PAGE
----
Hobson places homosexuality, with an emphasis on lesbianism, among the major themes that Blake resolves in Jerusalem. He focuses upon the sequence leading to the death of Albion in which Albion confronts Jerusalem in the arms of Vala (plates 19-25). This female embrace is depicted in the lily design, plate 28 of copy D, of which Erdman notes that the figure on the left was originally male and the embrace less chaste. The sequence has been read by others as lesbian. Convincing as this may be, the emphasis seems to be not upon eroticism so much as a powerful female partnership that will destroy Albion. Hobson goes on to show that in this culminating epic emanations are not specifically female, as seen in Shiloh, and states that hermaphrodites are sexually differentiated, removing threat and bias from gender relations.

Hobson’s argument for Blake’s sympathetic espousal of lesbians is less convincing than that for his empathy with male homosexuals. Female homosexuals were not subjected to the same legal and social persecution as males, and therefore presumably would not have evoked the same response. Hobson reads the attribution of sexuality and male organs to women as evidence of Blake’s positive feeling. However, the illustrations of erotic lesbian poses and enlarged clitorises in The Four Zoas do not necessarily suggest a sympathy with lesbians: they may imply a prurient fascination pursued more fully in these private sketches than in the illustrations intended for public view. A phallic woman, as a mother figure, can be seen as threatening to men; a phallic woman as an object of desire may be reassuring, since she is already in possession of mastery. Both fantasies spring from anxiety.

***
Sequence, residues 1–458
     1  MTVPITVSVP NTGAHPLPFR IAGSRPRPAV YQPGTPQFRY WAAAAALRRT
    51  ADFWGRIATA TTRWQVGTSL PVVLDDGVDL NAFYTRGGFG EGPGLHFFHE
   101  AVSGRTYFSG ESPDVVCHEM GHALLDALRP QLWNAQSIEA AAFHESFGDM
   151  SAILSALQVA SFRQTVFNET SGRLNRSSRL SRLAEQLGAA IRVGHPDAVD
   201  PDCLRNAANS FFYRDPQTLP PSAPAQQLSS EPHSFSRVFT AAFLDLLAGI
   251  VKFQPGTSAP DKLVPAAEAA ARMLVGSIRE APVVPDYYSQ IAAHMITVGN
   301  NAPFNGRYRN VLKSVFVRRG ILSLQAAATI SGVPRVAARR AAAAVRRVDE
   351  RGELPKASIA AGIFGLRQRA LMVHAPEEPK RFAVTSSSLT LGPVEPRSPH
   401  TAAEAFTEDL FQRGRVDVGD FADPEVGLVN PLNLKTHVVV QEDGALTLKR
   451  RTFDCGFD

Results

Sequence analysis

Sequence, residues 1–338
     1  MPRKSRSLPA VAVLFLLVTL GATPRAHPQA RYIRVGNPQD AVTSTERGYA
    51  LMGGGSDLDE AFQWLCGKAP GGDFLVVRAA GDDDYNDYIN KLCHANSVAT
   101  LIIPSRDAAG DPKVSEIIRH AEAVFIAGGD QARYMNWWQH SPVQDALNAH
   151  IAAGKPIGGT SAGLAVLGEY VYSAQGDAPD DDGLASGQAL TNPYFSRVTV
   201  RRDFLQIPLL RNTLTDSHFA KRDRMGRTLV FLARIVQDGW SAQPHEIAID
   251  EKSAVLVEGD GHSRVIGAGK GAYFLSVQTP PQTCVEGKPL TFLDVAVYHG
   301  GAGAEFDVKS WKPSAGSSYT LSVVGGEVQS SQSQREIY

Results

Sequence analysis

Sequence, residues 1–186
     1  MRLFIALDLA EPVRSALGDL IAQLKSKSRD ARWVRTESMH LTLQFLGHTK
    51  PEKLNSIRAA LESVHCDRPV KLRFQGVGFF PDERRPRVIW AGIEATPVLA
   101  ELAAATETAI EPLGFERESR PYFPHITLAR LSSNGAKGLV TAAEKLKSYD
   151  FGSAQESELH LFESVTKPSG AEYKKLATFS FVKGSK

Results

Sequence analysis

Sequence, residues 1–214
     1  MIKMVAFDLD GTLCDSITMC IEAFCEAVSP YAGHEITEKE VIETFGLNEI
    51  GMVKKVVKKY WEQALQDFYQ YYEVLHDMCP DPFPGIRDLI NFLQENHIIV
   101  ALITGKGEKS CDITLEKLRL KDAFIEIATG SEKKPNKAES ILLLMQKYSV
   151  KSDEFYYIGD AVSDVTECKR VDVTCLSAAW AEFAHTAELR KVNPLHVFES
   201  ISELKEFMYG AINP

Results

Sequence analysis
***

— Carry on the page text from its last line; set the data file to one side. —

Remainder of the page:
Hobson’s book opens up the important topic of Blake and homosexuality as never before. Blake’s empathy with male homosexuality and his own sensibility that embraces the homoerotic are fundamental and revealing elements in his work.